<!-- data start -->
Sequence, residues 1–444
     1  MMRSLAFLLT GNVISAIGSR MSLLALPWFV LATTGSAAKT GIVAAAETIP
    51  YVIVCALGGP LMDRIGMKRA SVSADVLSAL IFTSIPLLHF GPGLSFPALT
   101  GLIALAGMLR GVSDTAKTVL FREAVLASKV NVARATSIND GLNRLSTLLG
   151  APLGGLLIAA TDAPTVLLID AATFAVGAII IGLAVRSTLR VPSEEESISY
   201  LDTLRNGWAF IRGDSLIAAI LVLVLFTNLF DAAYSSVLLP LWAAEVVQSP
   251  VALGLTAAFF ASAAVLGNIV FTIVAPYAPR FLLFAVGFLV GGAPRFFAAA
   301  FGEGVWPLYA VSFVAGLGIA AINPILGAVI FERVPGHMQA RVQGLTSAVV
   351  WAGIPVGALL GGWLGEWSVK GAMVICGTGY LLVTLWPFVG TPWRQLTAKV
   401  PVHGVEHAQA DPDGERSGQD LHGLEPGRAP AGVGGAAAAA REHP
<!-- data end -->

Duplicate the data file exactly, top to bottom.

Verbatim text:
Sequence, residues 1–444
     1  MMRSLAFLLT GNVISAIGSR MSLLALPWFV LATTGSAAKT GIVAAAETIP
    51  YVIVCALGGP LMDRIGMKRA SVSADVLSAL IFTSIPLLHF GPGLSFPALT
   101  GLIALAGMLR GVSDTAKTVL FREAVLASKV NVARATSIND GLNRLSTLLG
   151  APLGGLLIAA TDAPTVLLID AATFAVGAII IGLAVRSTLR VPSEEESISY
   201  LDTLRNGWAF IRGDSLIAAI LVLVLFTNLF DAAYSSVLLP LWAAEVVQSP
   251  VALGLTAAFF ASAAVLGNIV FTIVAPYAPR FLLFAVGFLV GGAPRFFAAA
   301  FGEGVWPLYA VSFVAGLGIA AINPILGAVI FERVPGHMQA RVQGLTSAVV
   351  WAGIPVGALL GGWLGEWSVK GAMVICGTGY LLVTLWPFVG TPWRQLTAKV
   401  PVHGVEHAQA DPDGERSGQD LHGLEPGRAP AGVGGAAAAA REHP